Nor was the pulpit itself without a trace of the same sea-taste that had achieved the ladder and the picture. Its panelled front was in the likeness of ship’s bluff bows, and the Holy Bible rested on a projecting piece of scroll work, fashioned after a ship’s fiddle-headed beak.
What could be more full of meaning?- for the pulpit is ever the earth’s foremost part; all the rest comes in its rear; the pulpit leads the world. From thence it is the storm of God’s quick wrath is first described, and the bow must bear the earliest brunt. From thence it is the God of breezes fair or foul is first invoked for favorable winds. Yes, the world’s a ship on its passage out, and not a voyage complete; and the pulpit is its prow.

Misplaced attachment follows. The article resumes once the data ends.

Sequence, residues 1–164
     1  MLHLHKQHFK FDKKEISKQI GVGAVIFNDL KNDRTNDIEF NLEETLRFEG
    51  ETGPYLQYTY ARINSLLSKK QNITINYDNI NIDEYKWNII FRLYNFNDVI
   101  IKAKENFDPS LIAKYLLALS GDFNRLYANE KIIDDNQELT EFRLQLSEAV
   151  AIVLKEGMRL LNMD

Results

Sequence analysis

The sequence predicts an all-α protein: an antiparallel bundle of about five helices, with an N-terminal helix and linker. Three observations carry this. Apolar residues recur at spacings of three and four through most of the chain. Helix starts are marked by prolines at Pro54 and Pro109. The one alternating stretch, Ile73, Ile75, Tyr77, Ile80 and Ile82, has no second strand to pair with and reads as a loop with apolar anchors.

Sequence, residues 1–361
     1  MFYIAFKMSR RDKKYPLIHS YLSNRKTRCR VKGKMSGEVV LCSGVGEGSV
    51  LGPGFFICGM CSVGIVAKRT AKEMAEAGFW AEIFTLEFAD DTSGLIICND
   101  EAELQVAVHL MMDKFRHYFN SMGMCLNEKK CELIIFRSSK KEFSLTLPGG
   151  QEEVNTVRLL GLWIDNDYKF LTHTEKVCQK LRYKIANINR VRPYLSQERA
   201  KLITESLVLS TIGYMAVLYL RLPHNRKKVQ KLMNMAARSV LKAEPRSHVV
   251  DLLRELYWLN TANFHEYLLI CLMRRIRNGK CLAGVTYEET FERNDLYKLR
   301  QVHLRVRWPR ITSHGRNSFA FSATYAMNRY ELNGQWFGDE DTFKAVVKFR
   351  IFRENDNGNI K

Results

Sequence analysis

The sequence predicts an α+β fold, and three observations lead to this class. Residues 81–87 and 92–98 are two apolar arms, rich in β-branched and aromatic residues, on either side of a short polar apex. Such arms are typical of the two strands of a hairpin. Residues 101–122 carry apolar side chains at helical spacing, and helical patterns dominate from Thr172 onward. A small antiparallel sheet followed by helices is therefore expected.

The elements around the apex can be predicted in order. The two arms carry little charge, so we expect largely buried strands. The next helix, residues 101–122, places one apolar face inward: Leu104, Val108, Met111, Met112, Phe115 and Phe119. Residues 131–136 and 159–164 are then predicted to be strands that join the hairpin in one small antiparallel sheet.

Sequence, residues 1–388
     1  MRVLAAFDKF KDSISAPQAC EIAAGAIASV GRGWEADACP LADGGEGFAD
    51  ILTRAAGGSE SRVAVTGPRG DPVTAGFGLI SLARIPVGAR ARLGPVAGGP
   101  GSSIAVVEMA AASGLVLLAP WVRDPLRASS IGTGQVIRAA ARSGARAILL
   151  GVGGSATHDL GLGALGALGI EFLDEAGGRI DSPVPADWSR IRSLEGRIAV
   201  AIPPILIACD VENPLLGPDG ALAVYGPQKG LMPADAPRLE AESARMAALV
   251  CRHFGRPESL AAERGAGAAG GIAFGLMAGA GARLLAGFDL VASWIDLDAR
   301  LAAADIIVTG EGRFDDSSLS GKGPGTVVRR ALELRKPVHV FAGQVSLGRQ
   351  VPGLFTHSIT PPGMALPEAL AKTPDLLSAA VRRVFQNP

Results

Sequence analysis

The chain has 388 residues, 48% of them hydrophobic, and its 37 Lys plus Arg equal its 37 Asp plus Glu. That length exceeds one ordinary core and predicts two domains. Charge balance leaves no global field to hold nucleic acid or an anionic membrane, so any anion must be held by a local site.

Ishmael is describing the pulpit of the seaside chapel in an early chapter of Moby Dick. I’m halfway through the novel (for the first time) and have been consistently surprised by it, including lots of LOL moments and, as quoted above, the consistent and nuanced role of religion throughout Melville’s novel.